But what these books have in common is that both of the romances were mature and realistic enough that even I–an old(ish) married lady–connected with them in a powerful way, and I think that’s why I loved them both so much. These are romances I will read as a pick me up again and again.


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CANDIDLY CLINE by Kathryn Ormsbee

I received an Advance Reader Copy of this book.

I loved this book because I loved Cline. She is such a believable, lovable 13 year old kid, and as much as she’s been put through some difficult stuff (in the story and before it begins) she bounces back, she keeps going, and she finds supportive friends and adults who help her through. Her voice is so honest and hopeful as she navigates her first crush, coming out to family and friends, and protecting herself when people are hateful to her because of who she loves. And of course the main thrust of her story is how she chases down her dream of becoming a singer, so there’s lots of opportunities to cheer this wonderful heroine on.


SIX CRIMSON CRANES by Elizabeth Lim

I received an Advance Reader Copy of this book.

Not only was this novel woven skillfully from many, many folklore threads, but it surprised me again and again. Even thinking back on the story now, I’m smiling remembering some of the twists. Some of the folklore was new to me, which was fun. Some was familiar but subverted, which was also fun. And throughout the whole story shone family devotion and the perseverance of the young heroine–no matter how annoying her brothers got.


THE THING I’M MOST AFRAID OF by Kristin Levine

Reading this book felt like taking a vacation (which in 2021, was much appreciated!). The detail of the Austrian setting–not just the landscape, but the culture and community–immersed me entirely in that world. And on top of that, the character’s experience with her panic disorder as she figured out how to accept help and develop more effective coping strategies rang so true to me. I don’t usually see that experience represented in the books I read–or if it is represented, it’s in books that are overall soul-crushingly intense–so to see a character with severe anxiety in an uplifting book about family and hope was incredible.


EAT YOUR HEART OUT by Kelly deVos

As a fan of NIGHT OF THE LIVING DEAD, I was grinning all the way through this satirical sci-fi/horror. It delivered on humor, on social commentary, on scares–and because there were so many first person narrators (something I don’t usually like), I had no idea who would live and who would die. As long as one kid made it, there would be someone to tell the story. The question was: who?…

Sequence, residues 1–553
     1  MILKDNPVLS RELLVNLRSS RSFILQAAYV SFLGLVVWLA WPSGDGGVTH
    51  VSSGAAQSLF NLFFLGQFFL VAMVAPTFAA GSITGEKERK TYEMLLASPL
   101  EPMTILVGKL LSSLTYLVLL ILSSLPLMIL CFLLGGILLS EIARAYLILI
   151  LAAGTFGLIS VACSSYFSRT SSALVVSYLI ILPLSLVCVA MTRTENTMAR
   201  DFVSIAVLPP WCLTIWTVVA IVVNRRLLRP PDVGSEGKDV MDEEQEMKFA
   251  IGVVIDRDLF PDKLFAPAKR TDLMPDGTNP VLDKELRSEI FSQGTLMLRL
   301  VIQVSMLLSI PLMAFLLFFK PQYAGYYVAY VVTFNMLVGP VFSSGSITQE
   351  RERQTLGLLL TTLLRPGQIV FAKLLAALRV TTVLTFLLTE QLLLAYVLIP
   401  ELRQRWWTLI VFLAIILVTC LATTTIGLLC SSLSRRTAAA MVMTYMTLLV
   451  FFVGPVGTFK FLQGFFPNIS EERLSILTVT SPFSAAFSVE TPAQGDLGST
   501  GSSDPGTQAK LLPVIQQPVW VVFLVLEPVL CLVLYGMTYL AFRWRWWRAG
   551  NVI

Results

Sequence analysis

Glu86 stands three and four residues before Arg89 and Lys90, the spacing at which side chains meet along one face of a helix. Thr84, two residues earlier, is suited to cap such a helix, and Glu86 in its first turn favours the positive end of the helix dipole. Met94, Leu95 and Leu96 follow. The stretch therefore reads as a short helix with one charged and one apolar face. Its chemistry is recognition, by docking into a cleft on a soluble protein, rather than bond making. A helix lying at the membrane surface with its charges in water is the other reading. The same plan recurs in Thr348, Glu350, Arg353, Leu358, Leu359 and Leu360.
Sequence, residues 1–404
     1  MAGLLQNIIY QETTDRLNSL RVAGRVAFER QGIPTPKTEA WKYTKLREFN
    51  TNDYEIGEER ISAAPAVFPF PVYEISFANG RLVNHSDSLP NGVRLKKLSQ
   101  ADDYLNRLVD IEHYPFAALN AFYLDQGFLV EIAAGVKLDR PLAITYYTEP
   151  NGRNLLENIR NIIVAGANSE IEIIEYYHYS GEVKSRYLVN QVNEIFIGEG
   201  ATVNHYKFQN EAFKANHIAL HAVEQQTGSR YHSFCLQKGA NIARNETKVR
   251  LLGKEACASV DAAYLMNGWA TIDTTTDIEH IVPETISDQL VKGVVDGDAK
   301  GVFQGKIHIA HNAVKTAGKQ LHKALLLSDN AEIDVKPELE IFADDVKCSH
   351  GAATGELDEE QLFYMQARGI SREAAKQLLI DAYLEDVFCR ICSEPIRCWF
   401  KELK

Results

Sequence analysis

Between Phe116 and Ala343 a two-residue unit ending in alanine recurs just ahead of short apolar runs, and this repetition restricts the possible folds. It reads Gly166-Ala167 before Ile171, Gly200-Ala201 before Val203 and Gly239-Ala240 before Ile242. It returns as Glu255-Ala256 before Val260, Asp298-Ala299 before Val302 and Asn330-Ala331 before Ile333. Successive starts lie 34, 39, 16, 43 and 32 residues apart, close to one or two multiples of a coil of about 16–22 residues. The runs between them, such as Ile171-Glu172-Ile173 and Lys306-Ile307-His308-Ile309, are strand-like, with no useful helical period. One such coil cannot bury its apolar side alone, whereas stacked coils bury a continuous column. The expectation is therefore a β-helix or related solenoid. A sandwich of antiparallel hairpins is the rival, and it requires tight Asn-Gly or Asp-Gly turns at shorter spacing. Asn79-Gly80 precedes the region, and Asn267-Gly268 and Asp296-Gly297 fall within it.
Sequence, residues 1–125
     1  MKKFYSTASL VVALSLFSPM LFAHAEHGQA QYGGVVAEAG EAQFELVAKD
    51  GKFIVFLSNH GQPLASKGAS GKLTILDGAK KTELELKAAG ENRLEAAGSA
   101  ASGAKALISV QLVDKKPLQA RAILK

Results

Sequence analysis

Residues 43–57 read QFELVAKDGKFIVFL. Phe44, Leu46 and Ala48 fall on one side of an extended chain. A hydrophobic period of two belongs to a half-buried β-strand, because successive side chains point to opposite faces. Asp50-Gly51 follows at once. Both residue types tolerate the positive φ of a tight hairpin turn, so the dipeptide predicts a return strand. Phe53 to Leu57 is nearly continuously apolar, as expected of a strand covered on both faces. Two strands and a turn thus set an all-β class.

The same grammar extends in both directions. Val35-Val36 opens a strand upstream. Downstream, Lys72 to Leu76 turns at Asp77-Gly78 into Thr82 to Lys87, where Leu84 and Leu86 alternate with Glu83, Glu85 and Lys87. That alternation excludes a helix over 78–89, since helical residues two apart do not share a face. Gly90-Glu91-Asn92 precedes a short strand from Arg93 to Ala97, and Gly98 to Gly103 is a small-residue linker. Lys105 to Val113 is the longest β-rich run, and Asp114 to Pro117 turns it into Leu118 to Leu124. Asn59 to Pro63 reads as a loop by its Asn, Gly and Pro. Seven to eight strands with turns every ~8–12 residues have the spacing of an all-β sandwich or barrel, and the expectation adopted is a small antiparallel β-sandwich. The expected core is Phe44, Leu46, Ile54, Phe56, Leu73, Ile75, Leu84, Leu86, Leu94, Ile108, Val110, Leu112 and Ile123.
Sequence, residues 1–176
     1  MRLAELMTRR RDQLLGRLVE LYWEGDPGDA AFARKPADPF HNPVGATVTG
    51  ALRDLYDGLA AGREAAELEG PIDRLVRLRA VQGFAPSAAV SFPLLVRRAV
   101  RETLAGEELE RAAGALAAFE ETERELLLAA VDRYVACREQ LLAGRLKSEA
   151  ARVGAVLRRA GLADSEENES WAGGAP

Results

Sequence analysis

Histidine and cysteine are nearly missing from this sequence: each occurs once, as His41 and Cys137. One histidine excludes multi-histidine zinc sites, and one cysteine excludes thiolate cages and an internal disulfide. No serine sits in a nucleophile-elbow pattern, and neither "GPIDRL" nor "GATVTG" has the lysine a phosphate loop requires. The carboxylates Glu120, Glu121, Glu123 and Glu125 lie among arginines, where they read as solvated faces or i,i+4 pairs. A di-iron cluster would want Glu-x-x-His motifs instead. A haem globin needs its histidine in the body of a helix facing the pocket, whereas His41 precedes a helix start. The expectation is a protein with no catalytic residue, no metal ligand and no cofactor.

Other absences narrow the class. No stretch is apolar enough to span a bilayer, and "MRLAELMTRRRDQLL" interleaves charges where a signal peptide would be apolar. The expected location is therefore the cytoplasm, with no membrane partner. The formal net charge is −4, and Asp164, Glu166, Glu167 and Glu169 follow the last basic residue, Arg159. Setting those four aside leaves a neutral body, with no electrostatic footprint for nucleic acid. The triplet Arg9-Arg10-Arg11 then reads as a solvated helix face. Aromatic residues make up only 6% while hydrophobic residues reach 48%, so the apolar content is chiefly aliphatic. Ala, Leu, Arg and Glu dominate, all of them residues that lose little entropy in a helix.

FAST PITCH by Nic Stone

I received an Advance Reader Copy of this book.

When it comes to flawless middle grade fiction, this book is it. It tackles the huge and important topic of racism in sports (and other areas of life), features a group of girls kicking butt on and off the field, and has a thrilling mystery that is impossible to stop reading. It is a winner on so many levels, and I cannot recommend it highly enough.


SAY IT OUT LOUD by Allison Varnes

I received an Advance Reader Copy of this book.

As a musical theater-obsessed former-tween myself, I am always a sucker for stories about kids finding their voices through the arts. But this one had me particularly excited when the tweens take their voices off the stage to fight for something they believe in. Add the fun, heartwarming friendships and representation of a main character who stutters and you have a book that has stuck with me all year.


THE FOREST OF STOLEN GIRLS by June Hur

I read so many YA mystery/thrillers this year, so why has this historical mystery stuck with me? Part of it was the history. Part of it was the feminism. But I think most of it was the atmospheric quality of the novel. There were no cheap scares here, no gimmicks to draw out suspense. The setting of the village, the disappearances, the murky past, and the untrustworthy community members kept my spine tingling the whole way through.  


A KIND OF SPARK by Elle McNicoll

I received an Advance Reader Copy of this book.

It is possible that this one violates the spirit of #12DaysOfKidlit since it wasn’t technically released this year. But I am U.S. based, and it was released here in 2021, and I loved it too much to leave it off my list. The authenticity of the autistic representation was probably the reason I connected with this book so deeply, although the novel has so many strengths. I love middle grade books where children are the moral compass and agents of change in their communities, and the way this particular child forces her community to process the uncomfortable immorality of their pasts and present to move toward a better future…*chef’s kiss* 


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ME (MOTH) by Amber McBride